1 large white or red cabbage (or half each of red and white cabbage)
1 tbsp sea salt
- Remove the outer leaves and core from the cabbage and set aside, do not discard.
- Grate the cabbage using a food processor, hand grater or finely slice it by hand (chopping or slicing is how we recommend you cut it as it creates a crunchy sauerkraut)
- Put the cut cabbage into a bowl big enough to leave a third of the space free for mixing, sprinkle with salt and mix well with your hands using a massaging motion.
- This could take 5 –10 mins depending on the strength of your hands. If you’d like, you can gently mix the salt into the cabbage and allow it to sit for 20 mins. This will help to soften the cabbage before you start to massage it. Add 1 tbsp of salt at first, then add another if you find it hard to get the juices to release – add any other spices or seeds at this stage.
- Once you start to see some juices in the bottom of the bowl and the cabbage seems like a more “steamed or cooked” consistency, you can stop massaging.
- Pack your massaged cabbage into your sterile 1 litre jar. Pack the cabbage in tight, leaving a 5 cm gap at the top of the jar to allow for the juices to rise. Place one or two of the outer leaves on top of the cabbage, then place the core of the cabbage on top of the leaf. It needs to be at a higher level than the cabbage, so that when you clamp down the jar, the juices rise up above the cabbage.
- Place the jar on top of a towel (in case it leaks) and somewhere not too cold. It doesn’t need to be as warm as an airing cupboard, but cold rooms will make your kraut ferment very slowly.
- Taste it after 4 days; it should taste mildly tangy. If so, you can eat it then, or carry on fermenting it for a week or two, depending on how strong you like it to taste. Once you are happy with it, transfer to the fridge to stop the fermenting process. It will keep for many months in the fridge.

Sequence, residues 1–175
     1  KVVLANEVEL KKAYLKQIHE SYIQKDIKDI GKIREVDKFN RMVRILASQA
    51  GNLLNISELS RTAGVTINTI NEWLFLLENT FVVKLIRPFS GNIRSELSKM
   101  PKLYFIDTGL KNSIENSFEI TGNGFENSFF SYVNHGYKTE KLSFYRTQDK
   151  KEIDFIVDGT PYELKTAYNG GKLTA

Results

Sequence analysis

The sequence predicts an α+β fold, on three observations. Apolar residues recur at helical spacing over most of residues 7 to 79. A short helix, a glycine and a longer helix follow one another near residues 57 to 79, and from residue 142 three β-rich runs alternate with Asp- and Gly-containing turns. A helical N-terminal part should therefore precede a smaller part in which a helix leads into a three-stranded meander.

Fermented Tomato Salsa Recipe
Preserve those perfectly vine ripened tomatoes from summer to enjoy in the depths of winter!
750g or 3 cups ripe tomatoes, diced
1⁄2 medium red onion, medium dice
1⁄4 cups coriander, roughly chopped
2 spring onions, thinly sliced
1 garlic cloves, finely grated
1 tsp cumin seeds, ground
1⁄2 red chili (more if you like fiery hot salsa)
2 tbsp raw apple cider vinegar
1 probiotic capsule (such as OptiBac wellbeing)
1 tbsp salt, Himalayan or sea salt
- Combine the tomatoes, onion, coriander, spring onion, garlic, cumin, chilli and vinegar in a mixing bowl.
- Puree ½ of the mixture (or less if you prefer a chunkier salsa) in a blender and then return the puree back to the mixing bowl
- Stir in the probiotics and salt.
- Pour the mixture into a glass jar, leaving at least a 1’’ gap at the top.
- Seal the jar and store at room temperature for 2 – 3 days. You will notice that the tomatoes start to float to the top of the mixture, leaving a watery liquid at the bottom.
- After a day taste, and continue to do so every day until you have a slightly tangy, sour salsa. The salsa is then ready to store in the fridge for up to 1 year.
Try adding other spices, such as mustard seeds, fennel seeds, ginger and turmeric.
You can use green tomatoes for this recipe too, tomatoes which fail to ripen on the plant or gluts of tomatoes for a firmer, less acidic chutney.
This piece was written by holistic health counsellor, raw chocolatier, and fermented foods expert Amy Levin, and naturopath Emma Mihill. Amy owns a company called Ooosha, and regularly runs fermentation classes to give you a delicious start to begin making your own medicinal fermented foods. Visit www.ooosha.co.uk to find out more.
Images of sauerkraut & salsa provided by Amy.
Sugar cubes: commons.wikimedia.org/wiki/File:Sugar_cubes.jpg